Android Modding Source by Dan Rosenberg | Computer Data | Information Technology Management

Android Modding for the Security Practitioner

Dan Rosenberg

Copyright © 2012 Virtual Security Research, LLC. All Rights Reserved.

1

Who am I?

▪ Security consultant and vulnerability researcher at Virtual Security Research in Boston ▫ App/net pentesting, code review, etc. ▫ Published some bugs ▫ Linux kernel exploitation ▫ Rooted a few Android phones

Copyright © 2012 Virtual Security Research, LLC. All Rights Reserved.

2

Goals of this Talk

▪ Clarify terminology ▪ Demystify Android rooting and modding techniques ▪ Draw some conclusions about security impact of modding

Copyright © 2012 Virtual Security Research, LLC. All Rights Reserved.

3

Agenda
▪ The modding community ▪ Locked and unlocked bootloaders ▪ Flashing ▪ Case studies in rooting ▪ Post-root hacks

Copyright © 2012 Virtual Security Research, LLC. All Rights Reserved.

4

The Modding Community

Copyright © 2012 Virtual Security Research, LLC. All Rights Reserved.

5

Why Do People Want to Mod?
▪ Expert usage ▫ Root-privileged applications for backup ▫ Tethering ▫ Overclocking/underclocking ▪ Customization ▫ Custom ROMs, themes ▫ Removal of bloatware

Copyright © 2012 Virtual Security Research, LLC. All Rights Reserved.

6

Why Do People Want to Mod?

▪ Upgradeability ▫ Cheap, subsidized phones -> phones become obsolete rapidly -> carriers halt support ▫ Modding allows continued upgrades (security and otherwise) in the event of missing carrier support ▪ Freedom ▫ Full control over your own hardware

Copyright © 2012 Virtual Security Research, LLC. All Rights Reserved.

7

The Modding Community
▪ Modding community is largely Android enthusiasts with varying levels of technical background ▫ Result: mixed or confusing terminology, lack of consistent definitions of terms ▪ Dozens of Android forums and publications ▫ Most popular: XDA Developers, RootzWiki, AndroidForums

Copyright © 2012 Virtual Security Research, LLC. All Rights Reserved.

8

Why Don't (Some) Carriers Want You Modding?
▪ Support costs (tech support, warranty claims for bricked devices) ▪ Removal of sources of advertising revenue ▪ Free tethering conflicts with business model ▪ Ambiguous claims about “security” ▫ We'll take a look at this one

Copyright © 2012 Virtual Security Research, LLC. All Rights Reserved.

9

What Prevents People from Modding?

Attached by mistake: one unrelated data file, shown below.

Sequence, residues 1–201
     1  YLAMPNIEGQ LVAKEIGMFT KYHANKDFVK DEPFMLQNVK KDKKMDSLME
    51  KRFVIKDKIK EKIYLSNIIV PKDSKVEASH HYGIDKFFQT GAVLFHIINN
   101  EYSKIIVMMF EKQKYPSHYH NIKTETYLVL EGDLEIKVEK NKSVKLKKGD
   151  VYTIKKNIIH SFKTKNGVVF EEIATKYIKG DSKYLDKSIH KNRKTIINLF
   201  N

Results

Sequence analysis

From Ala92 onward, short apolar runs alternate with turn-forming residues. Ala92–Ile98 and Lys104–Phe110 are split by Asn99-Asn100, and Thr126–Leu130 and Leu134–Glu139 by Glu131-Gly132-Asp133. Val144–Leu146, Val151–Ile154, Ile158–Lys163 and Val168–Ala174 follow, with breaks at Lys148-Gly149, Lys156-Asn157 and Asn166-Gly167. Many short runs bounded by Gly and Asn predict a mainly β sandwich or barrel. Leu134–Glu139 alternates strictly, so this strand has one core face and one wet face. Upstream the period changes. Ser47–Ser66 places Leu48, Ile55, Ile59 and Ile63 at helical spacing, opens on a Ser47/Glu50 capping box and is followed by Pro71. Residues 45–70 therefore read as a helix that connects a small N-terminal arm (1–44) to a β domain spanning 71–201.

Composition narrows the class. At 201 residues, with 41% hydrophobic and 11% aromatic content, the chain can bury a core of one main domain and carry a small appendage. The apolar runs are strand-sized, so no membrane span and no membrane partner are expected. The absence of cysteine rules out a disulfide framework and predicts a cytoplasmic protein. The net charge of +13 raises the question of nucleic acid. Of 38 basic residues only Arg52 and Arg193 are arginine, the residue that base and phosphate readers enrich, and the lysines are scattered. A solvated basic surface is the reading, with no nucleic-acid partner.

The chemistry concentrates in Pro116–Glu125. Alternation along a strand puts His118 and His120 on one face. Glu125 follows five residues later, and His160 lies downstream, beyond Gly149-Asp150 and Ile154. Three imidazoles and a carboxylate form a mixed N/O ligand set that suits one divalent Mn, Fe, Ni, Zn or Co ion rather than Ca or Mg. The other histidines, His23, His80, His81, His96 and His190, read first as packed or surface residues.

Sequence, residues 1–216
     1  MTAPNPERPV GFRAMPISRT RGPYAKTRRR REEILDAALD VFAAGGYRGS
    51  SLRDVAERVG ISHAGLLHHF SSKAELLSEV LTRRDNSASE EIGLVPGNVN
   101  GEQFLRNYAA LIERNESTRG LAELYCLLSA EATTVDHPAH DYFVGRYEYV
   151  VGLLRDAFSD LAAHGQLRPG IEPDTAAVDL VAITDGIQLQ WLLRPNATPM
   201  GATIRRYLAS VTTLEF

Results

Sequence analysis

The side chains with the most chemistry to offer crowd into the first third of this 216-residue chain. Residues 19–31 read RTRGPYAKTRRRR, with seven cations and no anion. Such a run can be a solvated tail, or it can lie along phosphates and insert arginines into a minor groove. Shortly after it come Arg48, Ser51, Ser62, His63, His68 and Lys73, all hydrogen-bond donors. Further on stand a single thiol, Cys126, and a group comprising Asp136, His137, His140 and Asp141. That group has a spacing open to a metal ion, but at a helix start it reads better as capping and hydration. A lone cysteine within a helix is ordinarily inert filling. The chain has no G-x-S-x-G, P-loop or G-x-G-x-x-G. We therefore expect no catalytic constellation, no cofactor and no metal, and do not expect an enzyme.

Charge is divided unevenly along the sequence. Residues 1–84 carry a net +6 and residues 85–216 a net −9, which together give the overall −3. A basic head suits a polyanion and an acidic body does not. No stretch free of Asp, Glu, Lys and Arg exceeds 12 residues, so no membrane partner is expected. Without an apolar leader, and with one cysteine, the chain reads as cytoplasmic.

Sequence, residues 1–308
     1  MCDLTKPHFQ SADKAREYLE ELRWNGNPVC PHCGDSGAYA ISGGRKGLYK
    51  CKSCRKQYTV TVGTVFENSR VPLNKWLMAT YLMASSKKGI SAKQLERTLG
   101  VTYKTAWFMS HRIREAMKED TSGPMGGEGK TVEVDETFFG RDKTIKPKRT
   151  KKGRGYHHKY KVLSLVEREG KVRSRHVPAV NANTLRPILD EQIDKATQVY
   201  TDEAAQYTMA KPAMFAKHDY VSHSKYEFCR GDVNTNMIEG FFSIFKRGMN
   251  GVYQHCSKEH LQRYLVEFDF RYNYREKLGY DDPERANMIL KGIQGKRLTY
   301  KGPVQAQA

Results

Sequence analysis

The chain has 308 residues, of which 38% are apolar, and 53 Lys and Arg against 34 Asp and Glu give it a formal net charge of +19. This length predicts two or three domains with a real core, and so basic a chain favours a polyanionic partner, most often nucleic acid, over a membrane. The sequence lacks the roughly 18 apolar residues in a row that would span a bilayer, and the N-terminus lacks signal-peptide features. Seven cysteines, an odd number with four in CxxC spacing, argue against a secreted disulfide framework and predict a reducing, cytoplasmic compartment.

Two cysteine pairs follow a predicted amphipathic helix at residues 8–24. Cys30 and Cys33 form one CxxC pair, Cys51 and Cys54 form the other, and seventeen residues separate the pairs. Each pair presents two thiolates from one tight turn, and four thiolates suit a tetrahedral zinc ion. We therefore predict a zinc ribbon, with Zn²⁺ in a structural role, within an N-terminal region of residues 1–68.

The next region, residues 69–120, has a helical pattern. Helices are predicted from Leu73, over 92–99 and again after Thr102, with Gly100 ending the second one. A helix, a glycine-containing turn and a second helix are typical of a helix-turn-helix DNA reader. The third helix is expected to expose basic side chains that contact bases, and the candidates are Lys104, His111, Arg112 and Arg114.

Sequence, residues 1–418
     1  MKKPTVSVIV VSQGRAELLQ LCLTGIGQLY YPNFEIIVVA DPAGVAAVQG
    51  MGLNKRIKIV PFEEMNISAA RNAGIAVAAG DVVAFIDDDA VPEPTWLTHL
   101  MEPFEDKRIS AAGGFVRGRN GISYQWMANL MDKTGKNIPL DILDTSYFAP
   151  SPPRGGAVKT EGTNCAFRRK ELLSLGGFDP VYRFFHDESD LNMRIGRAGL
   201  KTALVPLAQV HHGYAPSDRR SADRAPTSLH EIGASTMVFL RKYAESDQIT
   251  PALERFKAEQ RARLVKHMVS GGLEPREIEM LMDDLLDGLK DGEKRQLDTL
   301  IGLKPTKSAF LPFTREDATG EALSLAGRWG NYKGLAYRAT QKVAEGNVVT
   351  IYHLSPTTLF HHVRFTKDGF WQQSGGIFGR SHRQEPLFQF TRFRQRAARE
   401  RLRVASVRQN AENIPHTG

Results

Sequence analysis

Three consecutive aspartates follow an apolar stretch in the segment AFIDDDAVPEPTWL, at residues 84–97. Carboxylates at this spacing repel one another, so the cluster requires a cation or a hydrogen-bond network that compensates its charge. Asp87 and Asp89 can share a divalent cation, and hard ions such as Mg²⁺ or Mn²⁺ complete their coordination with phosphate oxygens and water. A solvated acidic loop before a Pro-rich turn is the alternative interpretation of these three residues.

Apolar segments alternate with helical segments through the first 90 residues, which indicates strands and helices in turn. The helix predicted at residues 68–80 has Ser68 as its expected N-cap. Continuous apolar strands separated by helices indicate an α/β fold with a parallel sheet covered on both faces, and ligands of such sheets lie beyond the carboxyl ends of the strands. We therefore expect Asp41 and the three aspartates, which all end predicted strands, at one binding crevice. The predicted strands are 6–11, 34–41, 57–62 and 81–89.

▪ Two primary prevention strategies: ▪ OS protections ▫ Prevent users from gaining root (administrative) access on their devices ▪ Hardware/firmware protections ▫ Prevent users from flashing new firmware images

Copyright © 2012 Virtual Security Research, LLC. All Rights Reserved.

10

Locked and Unlocked Bootloaders

Copyright © 2012 Virtual Security Research, LLC. All Rights Reserved.

11

What is a “Locked” Bootloader
▪ Term has come to encompass a variety of restrictions preventing customization ▪ My definition: “A bootloader that performs cryptographic signature verification to prevent booting custom, non-signed code” ▪ Implementation will vary based on vendor

Copyright © 2012 Virtual Security Research, LLC. All Rights Reserved.

12

The State of Unlocked Bootloaders
▪ Wide variety of tablet OEMs (Toshiba, ASUS, Lenovo, Sony) ▪ Four biggest phone OEMs: Samsung, Motorola, HTC, LG ▪ Varied degrees of bootloader locking ▫ Samsung ships mostly unlockable ▫ HTC supports official unlocking (voids warranty) ▫ LG ships unlocked, but no default flashing support ▫ Motorola tends to be locked tight, no custom ROMs and no downgrading

Copyright © 2012 Virtual Security Research, LLC. All Rights Reserved.

13

How Do Locked Bootloaders Work?
▪ Varies by hardware implementation ▪ Basic idea: ▫ On-chip crytographic verification of early stage bootloader ▫ Bootloader verifies signature of subsequent stage before loading (kernel, Android recovery, etc.) ▪ If signature check fails, drops into a failsafe mode for recovery

Copyright © 2012 Virtual Security Research, LLC. All Rights Reserved.

14

Android Partition Layout
▪ Actual partitions will vary by manufacturer and chipset ▪ Relevant to Android operating system: ▫ system: binary applications, system configuration, services ▫ userdata: user-installed apps, contacts, data ▫ boot: kernel, filesystem root ▫ recovery: Android recovery system ▫ cache: various frequently accessed system data ▫ misc: odds and ends

Copyright © 2012 Virtual Security Research, LLC. All Rights Reserved.

15

Case Study: Motorola/OMAP
▪ SHA1 hash of root public key stored in eFUSE ▪ Boot ROM verifies hash of key stored in mbmloader and signature on mbmloader ▪ mbmloader verifies signature on mbm (“Motorola Bootloader Mode?”) ▪ mbm verifies signature on lbl (“Linux Boot Loader”) ▪ lbl verifies signature on normal kernel or recovery

Copyright © 2012 Virtual Security Research, LLC. All Rights Reserved.

16

Copyright © 2012 Virtual Security Research, LLC. All Rights Reserved.

17

Case Study: HTC/Qualcomm
▪ Primary processor (baseband) executes Primary Boot Loader (PBL) from ROM ▪ If FORCE_TRUSTED_BOOT Qfuse blown, verify signature of Secondary Boot Loader (SBL) ▫ Public key stored via Qfuse ▪ SBL verifies signature on REX/AMSS (baseband) and HBOOT (app processor bootloader), starts app processor running HBOOT ▪ HBOOT verifies signature on kernel/recovery, boots into operating system